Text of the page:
Can a lawyer question you about your religious beliefs during a trial? I've heard that the U.S. census asking about your belief is illegal in the United States. It has been against the law since 1976 (Public Law 94-521), allegedly because collecting such information on a mandatory basis would violate the First Amendment. So I am wondering if a lawyer can ask about one's religious belief if it's relevant to the trial at hand.
The only religious matter I'm aware of that are inadmissible are for special circumstances where one's religious beliefs may be compromised if asked in court. The classic example tends to be clergymen/women being subpeonaed for information against a defendant in court. Conversation with clergy is protected in the United States and is one of a few times cops are not allowed to listen to your one phone call or visit.
The typical invocation of this would be a criminal, who confesses his sins to a Catholic priest, and may confess to a crime while receiving the Sacrament of Penance. Since Catholic Priests are bound by the "Seal of Confession" to not speak about the identity of the sinner or nature of the sin. The Priest can be excommunicated if he does this.
However, if the religion of the witness is relevant to the case (say a discrimination case) it might be prudent to inquire into the witness's religious beliefs. Suppose a major employer has a special menu in their cafeterias for Hala and Kosher observers but does not offer a fish or non-meat option for meals on Fridays in Lent, then a Catholic's belief in this practice might be called into question.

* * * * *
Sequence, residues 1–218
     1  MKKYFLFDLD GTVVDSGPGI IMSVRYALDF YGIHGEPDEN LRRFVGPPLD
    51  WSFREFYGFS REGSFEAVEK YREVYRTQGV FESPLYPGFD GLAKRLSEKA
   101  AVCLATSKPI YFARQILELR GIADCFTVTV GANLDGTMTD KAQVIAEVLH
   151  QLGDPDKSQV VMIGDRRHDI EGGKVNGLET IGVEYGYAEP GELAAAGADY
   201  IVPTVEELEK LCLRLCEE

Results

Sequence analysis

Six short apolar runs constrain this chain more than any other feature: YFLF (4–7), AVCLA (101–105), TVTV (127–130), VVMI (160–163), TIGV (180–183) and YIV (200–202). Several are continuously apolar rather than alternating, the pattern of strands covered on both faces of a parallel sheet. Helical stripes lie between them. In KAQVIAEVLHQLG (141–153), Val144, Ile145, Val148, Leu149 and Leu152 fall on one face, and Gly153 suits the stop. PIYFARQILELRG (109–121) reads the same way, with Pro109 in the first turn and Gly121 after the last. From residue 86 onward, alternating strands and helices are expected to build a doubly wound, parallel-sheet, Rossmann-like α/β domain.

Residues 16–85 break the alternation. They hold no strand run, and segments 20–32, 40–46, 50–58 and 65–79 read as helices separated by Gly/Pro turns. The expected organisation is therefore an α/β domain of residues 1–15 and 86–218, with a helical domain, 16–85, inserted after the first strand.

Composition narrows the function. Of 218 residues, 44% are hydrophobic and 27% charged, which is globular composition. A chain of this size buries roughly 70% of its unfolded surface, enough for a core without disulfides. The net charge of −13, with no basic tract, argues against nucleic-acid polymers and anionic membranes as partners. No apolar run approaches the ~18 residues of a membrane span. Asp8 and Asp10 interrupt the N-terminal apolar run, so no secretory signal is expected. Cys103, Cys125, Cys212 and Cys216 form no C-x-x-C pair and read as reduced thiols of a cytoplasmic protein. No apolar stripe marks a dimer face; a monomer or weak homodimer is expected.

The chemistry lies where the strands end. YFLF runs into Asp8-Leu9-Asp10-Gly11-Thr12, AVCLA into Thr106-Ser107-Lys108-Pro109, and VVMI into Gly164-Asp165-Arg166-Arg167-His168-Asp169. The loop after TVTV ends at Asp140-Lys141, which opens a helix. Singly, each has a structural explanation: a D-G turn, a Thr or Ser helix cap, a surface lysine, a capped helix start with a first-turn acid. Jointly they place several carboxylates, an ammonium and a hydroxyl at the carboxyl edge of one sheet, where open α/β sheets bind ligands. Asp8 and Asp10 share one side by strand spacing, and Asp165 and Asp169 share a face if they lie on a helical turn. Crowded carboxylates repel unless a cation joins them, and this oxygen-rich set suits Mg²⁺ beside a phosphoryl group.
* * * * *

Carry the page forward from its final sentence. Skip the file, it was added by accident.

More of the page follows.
Evidence Code 789 is a good example of limits on such questions. While "[t]he credibility of a witness may be attacked or supported by any party, including the party calling him", "[e]vidence of his religious belief or lack thereof is inadmissible to attack or support the credibility of a witness". However, in Drake v. Dean, 15 C.A. 4th 915, a witness was cross-examined as to being a Jehovah's Witness, like the plaintiffs. The court found that
While one cannot be precluded from testifying because he lacks religious belief, relevant inquiry whether a witness's membership in a particular religious sect or a tenet of his faith might tend to bias him is not prohibited.
Since the doctrinal content of religions is effectively in a legal black box (courts don't decide what constitutes proper Islamic or Catholic doctrine), this limits the kinds of doctrinal questions that would be relevant. For instance, a Muslim who drinks wine could not be discredited for violating a doctrine of heir religion.